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The Good Life is for sale, and it is for everyone
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The Good Life is for sale, and it is for everyone

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Good life sign

History Nebraska is selling a 1-foot-by-2-foot replica of the state's Good Life signs, like the one shown here on the Nebraska-Iowa border.

The signs have welcomed you home — and greeted newcomers to Nebraska — for nearly 50 years.

They come in three sizes and five designs, the largest more than 200 square feet. The words are always the same, and always in that same groovy ’70s type style — “Nebraska … the good life. Home of Arbor Day” — but some show the Sower, some the Capitol, others Chimney Rock, Buffalo Bill, Arbor Day Lodge.

Until recently, you’d see them only at the 60 or so highways that lead into Nebraska. But now the iconic state-line signs are spreading across the country as miniature replicas sold by History Nebraska.

Getting the good out of the Good Life and beyond

“It’s been fantastic,” said Chris Goforth, the department’s marketing and sales director. “Not only are we seeing people in the state buy them, we’re seeing Nebraskans who no longer live in the state wanting to bring a piece of the state home with them.”

History Nebraska doesn’t know anything about the origins of the original signs, Goforth said, only that they’ve always seemed to stand at the border.

“As a kid, I remember traveling and seeing them. You always knew you were almost home.”

And the state Department of Transportation didn’t have many historical details, either, said spokeswoman Jeni Campana. Just this: The state installed the Good Life signs in the early 1970s, and added the Arbor Day line along the bottom years ago.

The state routinely replaces stolen highway signs, but Campana couldn’t recall any of the border signs disappearing as souvenirs.

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“They are enormous. They’re higher than you think, the posts are pretty large and they’re fastened on there pretty good.”

The biggest, reserved for the interstate, measures 220 square feet. But even the smallest, planted along state highways, are 40 square feet.

History Nebraska’s version isn’t nearly as big, just 1 foot high, 2 feet wide. But it’s made by Cornhusker Industries, which also produces the state signs.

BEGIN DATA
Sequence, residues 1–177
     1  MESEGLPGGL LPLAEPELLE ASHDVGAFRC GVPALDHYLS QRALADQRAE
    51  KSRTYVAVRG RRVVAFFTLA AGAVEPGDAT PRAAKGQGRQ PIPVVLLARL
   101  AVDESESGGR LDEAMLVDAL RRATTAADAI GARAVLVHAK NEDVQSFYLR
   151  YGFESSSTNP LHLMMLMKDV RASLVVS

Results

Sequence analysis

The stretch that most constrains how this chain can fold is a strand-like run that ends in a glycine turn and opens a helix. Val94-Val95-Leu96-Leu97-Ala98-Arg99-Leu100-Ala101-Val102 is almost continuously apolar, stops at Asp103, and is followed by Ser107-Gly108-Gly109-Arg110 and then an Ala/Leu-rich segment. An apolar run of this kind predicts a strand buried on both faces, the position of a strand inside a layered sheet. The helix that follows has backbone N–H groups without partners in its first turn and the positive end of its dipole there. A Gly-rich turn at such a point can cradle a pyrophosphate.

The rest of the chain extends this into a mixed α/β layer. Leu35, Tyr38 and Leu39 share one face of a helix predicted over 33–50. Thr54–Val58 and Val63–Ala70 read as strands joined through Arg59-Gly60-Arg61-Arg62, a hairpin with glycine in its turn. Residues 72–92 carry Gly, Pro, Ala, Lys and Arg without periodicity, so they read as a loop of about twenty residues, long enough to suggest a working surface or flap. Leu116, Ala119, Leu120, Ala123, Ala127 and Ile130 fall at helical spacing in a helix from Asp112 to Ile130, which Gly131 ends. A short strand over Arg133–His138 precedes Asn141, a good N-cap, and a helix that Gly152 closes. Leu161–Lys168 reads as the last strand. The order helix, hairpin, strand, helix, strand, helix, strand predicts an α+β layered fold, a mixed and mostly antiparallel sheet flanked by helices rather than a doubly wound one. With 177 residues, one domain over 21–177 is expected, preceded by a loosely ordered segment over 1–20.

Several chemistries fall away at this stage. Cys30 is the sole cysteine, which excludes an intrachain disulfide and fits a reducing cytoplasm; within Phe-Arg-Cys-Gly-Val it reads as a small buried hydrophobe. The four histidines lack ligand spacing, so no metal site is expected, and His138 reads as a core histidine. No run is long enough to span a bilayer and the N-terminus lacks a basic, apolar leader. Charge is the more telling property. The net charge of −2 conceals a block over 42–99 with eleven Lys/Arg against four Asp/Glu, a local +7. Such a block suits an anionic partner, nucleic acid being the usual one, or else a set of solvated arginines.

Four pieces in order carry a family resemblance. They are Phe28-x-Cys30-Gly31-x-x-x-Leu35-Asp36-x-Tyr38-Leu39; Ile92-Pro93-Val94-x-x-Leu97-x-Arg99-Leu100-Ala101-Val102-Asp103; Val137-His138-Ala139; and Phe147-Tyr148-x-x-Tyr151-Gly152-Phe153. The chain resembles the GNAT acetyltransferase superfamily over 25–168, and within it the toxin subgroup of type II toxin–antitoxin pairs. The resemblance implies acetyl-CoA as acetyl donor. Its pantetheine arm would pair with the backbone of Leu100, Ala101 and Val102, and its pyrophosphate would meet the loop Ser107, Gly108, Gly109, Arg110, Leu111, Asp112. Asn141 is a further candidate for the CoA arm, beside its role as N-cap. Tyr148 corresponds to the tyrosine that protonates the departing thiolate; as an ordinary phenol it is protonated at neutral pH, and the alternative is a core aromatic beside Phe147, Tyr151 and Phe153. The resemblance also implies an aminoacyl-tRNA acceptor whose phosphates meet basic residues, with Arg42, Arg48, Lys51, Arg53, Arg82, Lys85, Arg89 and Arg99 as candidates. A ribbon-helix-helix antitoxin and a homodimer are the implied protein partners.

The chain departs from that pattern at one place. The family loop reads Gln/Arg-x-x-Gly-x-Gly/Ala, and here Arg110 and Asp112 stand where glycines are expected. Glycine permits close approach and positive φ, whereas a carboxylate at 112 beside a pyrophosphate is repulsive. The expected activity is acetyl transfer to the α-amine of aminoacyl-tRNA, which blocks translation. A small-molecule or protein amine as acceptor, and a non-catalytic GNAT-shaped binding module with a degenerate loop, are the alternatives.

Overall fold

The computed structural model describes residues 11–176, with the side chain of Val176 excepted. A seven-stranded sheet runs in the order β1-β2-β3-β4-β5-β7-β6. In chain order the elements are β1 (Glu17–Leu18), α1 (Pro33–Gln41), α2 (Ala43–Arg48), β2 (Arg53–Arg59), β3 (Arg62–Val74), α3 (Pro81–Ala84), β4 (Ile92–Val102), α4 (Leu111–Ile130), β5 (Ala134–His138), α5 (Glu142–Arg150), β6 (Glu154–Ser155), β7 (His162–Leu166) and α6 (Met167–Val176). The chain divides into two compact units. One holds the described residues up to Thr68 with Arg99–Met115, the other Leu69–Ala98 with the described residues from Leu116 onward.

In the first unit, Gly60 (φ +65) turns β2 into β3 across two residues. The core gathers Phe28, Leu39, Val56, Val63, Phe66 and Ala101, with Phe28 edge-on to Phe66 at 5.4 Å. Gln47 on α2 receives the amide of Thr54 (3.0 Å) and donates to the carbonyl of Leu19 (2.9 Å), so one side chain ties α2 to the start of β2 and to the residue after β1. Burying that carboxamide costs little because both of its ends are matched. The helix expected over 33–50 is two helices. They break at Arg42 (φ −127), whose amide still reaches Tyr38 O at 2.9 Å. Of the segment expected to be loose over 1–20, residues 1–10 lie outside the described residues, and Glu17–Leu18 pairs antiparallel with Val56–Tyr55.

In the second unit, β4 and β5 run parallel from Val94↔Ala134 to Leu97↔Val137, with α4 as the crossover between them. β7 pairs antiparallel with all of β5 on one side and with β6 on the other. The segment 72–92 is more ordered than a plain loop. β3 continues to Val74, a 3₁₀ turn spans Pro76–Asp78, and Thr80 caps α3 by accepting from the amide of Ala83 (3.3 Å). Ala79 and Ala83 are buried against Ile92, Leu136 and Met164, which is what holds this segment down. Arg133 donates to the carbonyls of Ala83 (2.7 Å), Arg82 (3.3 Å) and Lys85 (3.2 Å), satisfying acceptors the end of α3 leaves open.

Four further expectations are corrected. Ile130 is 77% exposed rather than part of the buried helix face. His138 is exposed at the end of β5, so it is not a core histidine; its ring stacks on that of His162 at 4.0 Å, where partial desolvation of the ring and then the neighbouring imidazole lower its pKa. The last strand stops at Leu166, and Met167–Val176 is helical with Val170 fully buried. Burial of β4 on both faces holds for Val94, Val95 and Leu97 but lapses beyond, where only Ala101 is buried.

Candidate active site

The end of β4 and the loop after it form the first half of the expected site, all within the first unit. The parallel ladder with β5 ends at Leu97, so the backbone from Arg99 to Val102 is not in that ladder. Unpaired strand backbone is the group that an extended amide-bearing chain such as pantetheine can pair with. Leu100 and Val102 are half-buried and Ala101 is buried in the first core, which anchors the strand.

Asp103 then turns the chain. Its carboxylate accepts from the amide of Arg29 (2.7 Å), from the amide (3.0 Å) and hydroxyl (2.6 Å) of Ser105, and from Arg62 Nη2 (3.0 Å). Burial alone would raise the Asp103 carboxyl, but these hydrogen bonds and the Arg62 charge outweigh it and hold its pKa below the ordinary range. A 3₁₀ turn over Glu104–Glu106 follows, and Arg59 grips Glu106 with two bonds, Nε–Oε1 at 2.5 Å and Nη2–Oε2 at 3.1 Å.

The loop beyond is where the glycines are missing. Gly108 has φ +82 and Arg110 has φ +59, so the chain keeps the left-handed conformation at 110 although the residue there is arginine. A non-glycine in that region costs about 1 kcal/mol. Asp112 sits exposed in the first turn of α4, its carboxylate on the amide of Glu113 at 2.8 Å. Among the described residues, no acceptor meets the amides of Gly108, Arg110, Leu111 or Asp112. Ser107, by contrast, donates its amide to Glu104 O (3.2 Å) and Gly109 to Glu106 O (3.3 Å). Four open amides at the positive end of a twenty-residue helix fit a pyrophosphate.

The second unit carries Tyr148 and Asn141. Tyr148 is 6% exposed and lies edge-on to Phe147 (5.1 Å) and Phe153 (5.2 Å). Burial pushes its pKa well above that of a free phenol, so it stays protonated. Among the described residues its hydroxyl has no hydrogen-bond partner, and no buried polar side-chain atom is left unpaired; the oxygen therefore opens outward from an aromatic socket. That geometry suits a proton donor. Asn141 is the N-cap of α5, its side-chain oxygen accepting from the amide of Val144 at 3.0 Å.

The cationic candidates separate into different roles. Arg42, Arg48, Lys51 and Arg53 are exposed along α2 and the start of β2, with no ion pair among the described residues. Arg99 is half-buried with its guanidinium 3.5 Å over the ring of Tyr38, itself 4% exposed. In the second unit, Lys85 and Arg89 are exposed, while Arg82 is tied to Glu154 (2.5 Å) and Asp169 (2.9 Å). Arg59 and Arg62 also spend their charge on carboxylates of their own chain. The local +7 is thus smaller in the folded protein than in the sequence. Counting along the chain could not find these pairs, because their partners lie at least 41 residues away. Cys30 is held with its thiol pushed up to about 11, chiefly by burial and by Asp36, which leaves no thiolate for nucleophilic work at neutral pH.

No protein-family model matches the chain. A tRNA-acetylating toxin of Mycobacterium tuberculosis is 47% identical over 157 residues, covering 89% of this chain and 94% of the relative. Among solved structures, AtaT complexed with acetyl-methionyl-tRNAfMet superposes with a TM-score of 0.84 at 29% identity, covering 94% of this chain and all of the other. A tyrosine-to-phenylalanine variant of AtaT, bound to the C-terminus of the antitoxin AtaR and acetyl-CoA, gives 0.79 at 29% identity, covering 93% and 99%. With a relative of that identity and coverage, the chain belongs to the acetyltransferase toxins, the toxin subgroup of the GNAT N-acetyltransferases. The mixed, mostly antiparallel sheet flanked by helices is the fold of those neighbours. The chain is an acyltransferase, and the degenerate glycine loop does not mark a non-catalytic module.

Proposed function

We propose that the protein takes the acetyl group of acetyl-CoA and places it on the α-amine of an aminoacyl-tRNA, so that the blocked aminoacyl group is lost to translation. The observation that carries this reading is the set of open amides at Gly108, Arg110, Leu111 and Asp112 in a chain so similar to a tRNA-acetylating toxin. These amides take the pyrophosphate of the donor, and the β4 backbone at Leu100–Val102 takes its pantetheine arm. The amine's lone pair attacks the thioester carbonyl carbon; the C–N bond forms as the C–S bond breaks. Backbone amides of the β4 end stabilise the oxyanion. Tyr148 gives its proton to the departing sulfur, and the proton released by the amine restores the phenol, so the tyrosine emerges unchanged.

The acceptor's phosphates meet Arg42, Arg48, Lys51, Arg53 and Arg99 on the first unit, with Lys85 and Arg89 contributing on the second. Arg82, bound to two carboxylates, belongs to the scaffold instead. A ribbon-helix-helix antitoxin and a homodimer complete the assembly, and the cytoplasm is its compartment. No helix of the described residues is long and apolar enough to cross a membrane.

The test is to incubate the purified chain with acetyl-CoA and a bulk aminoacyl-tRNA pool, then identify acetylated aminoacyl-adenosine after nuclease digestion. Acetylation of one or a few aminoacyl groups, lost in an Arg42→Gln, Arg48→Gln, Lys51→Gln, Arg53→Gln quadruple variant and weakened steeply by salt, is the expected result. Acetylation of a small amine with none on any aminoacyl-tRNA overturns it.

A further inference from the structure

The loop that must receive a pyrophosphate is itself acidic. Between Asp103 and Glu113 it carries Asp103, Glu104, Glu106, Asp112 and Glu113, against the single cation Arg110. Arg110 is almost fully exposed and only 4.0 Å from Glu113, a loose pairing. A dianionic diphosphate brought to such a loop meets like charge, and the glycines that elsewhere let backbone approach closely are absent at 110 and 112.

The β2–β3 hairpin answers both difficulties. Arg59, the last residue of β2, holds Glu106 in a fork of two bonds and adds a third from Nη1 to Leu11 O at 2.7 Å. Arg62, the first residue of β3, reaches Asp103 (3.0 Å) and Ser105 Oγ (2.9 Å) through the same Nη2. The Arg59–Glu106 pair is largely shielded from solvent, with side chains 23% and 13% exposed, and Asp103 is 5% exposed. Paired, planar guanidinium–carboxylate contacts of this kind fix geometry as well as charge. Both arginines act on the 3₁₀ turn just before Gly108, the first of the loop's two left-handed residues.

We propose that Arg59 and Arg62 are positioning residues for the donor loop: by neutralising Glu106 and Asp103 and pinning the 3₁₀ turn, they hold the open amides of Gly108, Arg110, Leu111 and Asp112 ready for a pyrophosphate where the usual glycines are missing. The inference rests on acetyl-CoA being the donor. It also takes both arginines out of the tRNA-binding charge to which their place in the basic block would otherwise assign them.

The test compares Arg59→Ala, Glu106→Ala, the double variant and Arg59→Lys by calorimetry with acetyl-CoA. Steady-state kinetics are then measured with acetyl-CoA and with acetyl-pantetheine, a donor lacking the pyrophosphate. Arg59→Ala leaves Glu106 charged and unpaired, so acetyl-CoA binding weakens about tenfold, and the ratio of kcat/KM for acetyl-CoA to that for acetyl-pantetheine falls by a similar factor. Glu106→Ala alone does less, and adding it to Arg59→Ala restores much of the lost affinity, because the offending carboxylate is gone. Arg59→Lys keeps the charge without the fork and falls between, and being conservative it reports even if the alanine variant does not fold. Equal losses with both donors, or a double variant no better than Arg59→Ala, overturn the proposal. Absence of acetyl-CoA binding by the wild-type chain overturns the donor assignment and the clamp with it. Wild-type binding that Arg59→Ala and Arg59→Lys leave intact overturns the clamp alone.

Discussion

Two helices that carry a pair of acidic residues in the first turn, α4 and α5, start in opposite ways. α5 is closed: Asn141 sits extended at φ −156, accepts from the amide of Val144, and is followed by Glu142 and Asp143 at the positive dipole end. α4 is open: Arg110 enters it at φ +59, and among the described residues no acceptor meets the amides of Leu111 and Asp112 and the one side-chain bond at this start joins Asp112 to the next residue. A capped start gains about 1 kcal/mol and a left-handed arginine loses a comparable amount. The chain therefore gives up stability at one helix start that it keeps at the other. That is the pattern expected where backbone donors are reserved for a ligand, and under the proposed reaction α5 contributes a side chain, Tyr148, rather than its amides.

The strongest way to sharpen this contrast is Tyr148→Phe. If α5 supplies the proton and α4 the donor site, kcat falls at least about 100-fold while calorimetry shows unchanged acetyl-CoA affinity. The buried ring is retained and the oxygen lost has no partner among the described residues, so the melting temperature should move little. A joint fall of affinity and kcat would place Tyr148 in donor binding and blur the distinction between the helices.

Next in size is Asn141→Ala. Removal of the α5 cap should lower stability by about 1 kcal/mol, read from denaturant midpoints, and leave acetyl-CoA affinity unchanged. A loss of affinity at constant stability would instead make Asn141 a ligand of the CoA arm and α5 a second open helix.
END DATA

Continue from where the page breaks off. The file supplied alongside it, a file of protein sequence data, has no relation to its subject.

Good Life sign

History Nebraska is selling a 1-foot-by-2-foot replica of the state's Good Life border sign for $49.99.

“When we say these signs are tough, they are made with the same materials and the same processes as the signs you see on the highway,” Goforth said.

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His department came up with the idea 18 months ago, while brainstorming merchandise ideas. With a green light from the Department of Transportation, it started selling the steel signs at the state museum and historical site gift shops.

And visitors started making special trips just to buy them.

“It’s one of the few items we have that has drawn traffic to our sites, rather than just being an item on the shelf for purchase.”

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Melissa Lindell Kozak, a Beatrice native and former KLKN-TV news producer now working at Clarkson University in upstate New York, bought one last year while home visiting family.

Good Life sign

Melissa Lindell Kozak's Good Life sign hangs in her office at Clarkson University in Potsdam, New York, where the Beatrice native and Nebraska grad works as director of media relations.

“I told my parents, ‘We’ve got to go to the Historical Society to get one of these signs to put up in my office,” she said. “I thought it was a nice piece of home, 1,500 miles away.”

The familiar sign means something to her, whether it’s a replica or it’s real. She was reminded of that this summer, when she made the 20-hour drive back to Nebraska to see a sick relative.

“Crossing into Omaha where the sign was, it was like, ‘Yes, I’m home.’”

A few weeks ago, History Nebraska started offering the signs online at $50 apiece, and sales exploded. It expects even more demand during the holiday shopping season.

“I’d say we have easily sold 100s of them,” Goforth said. “They’ve been a huge success.”

'The Good Life,' again: Nebraska's new state brand brings back beloved slogan

The Good Life is good enough for his department, he said. It doesn’t have any plans to try to capitalize on the state’s latest slogan.

“We’re going to leave the ‘It’s not for everyone’ with Nebraska Tourism at this point.”

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Reach the writer at 402-473-7254 or psalter@journalstar.com.

On Twitter @LJSPeterSalter

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